Cloud microphysical schemes fall into two categories:
Due to the very high computational cost of applying explicit schemes, NCAR–RAL developers focus most of their attention on the BMP schemes for most applications. So–called "single–moment" schemes predict only the mass mixing ratio of the hydrometeors and then diagnose the number concentration by making various assumptions. A "two–moment" scheme also predicts the number concentration and provides more degrees of freedom for representing a size distribution. A recent scheme by Thompson et al, 2008 takes a hybrid approach in order to be computationally efficient while reproducing measurements from various field experiments. The scheme was implemented into the Weather Research and Forecasting (WRF) model and is regularly tested and improved based on results from cloud and precipitation measurements from a variety of convective and stratiform precipitation events.
One of the biggest challenges that NCAR–RAL scientists face when developing these schemes is the intricate and complex interaction between microphysics and other physical processes. For instance, the amount and size of cloud water and ice greatly influence the radiation, which subsequently alters the surface heating and cooling that potentially lead to newly–formed clouds. Likewise, rain falling from convective clouds creates downdrafts that can greatly alter location, strength, and amount of subsequent updrafts and thunderstorms due to assumptions of rain drop or hail size and amount.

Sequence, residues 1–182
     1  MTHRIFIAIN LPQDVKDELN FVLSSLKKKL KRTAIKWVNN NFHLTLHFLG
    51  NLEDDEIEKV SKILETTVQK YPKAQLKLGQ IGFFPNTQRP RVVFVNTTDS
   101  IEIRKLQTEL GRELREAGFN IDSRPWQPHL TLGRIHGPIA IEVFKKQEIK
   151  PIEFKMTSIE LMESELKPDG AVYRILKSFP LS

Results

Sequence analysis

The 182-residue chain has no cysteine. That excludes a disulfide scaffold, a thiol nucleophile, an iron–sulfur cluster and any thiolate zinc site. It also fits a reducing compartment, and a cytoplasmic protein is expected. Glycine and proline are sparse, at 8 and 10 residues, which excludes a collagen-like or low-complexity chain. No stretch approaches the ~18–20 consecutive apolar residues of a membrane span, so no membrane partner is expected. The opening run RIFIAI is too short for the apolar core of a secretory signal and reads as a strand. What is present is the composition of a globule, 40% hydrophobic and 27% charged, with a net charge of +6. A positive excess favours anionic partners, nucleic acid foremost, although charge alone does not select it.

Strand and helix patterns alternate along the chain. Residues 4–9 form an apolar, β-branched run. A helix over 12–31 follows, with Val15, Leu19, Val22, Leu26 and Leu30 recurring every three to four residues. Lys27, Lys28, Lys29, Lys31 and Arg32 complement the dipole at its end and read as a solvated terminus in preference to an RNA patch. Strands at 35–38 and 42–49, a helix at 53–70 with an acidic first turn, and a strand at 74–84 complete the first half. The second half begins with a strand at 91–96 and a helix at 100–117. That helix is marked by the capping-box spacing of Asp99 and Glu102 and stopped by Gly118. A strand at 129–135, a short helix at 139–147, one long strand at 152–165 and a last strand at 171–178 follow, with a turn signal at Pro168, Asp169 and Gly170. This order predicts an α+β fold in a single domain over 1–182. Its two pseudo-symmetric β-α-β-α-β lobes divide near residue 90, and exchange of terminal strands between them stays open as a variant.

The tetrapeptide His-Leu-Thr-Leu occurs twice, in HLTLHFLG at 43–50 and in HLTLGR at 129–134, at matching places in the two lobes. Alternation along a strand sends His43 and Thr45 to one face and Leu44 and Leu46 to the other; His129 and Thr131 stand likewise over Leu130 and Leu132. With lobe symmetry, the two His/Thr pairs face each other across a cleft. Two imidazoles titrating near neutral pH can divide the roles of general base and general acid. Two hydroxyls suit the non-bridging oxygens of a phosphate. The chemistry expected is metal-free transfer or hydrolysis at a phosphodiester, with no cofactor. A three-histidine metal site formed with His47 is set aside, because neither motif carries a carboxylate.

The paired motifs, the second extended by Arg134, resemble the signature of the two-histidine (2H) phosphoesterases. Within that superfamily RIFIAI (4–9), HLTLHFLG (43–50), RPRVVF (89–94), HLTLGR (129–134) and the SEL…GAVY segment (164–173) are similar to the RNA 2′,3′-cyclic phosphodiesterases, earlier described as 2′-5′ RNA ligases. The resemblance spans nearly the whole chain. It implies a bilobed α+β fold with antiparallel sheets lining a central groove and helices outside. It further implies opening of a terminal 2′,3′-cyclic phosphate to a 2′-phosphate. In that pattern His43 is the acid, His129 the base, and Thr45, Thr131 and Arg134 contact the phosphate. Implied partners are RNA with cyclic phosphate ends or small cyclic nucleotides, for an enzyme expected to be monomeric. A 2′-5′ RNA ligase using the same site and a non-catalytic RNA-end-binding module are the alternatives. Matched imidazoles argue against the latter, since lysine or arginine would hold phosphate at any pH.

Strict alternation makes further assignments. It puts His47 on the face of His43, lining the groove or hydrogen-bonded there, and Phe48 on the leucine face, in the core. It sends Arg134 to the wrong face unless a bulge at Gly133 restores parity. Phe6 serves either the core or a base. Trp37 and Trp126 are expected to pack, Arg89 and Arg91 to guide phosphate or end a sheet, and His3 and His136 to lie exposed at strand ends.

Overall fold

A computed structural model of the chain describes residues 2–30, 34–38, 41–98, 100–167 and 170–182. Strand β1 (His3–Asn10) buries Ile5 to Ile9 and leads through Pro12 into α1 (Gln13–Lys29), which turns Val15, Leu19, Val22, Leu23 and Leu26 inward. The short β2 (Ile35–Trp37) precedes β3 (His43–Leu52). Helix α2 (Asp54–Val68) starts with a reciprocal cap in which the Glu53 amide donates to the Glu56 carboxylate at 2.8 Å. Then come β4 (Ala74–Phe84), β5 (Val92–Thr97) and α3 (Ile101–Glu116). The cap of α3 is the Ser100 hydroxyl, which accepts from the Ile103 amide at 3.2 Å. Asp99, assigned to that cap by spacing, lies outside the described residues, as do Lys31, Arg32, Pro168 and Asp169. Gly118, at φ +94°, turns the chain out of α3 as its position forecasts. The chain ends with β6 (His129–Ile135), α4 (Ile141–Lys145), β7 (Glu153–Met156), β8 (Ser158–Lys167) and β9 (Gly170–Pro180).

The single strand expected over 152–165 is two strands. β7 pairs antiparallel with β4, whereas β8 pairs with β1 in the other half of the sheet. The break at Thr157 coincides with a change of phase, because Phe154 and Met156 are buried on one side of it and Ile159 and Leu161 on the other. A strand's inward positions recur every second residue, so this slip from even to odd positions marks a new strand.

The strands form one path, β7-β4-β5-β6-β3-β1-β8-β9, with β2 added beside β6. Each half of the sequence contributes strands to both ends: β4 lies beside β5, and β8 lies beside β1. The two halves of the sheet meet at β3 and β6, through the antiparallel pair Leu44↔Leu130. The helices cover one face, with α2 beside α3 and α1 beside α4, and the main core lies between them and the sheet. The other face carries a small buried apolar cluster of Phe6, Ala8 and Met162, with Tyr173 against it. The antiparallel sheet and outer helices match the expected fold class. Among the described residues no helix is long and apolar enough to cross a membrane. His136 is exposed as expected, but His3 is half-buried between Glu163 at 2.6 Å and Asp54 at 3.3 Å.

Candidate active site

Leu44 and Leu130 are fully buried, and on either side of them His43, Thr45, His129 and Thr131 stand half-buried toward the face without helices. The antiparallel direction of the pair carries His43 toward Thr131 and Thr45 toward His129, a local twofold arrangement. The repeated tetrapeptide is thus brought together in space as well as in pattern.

Additionally, there are a host of uncertainties within the microphysical schemes in general, some of which are amplified when applied to areas with complex terrain.
NCAR–RAL numerical model developers are working on all of these challenging areas in an attempt to find the best optimal solution for each application of the model.
Model Development and Enhancement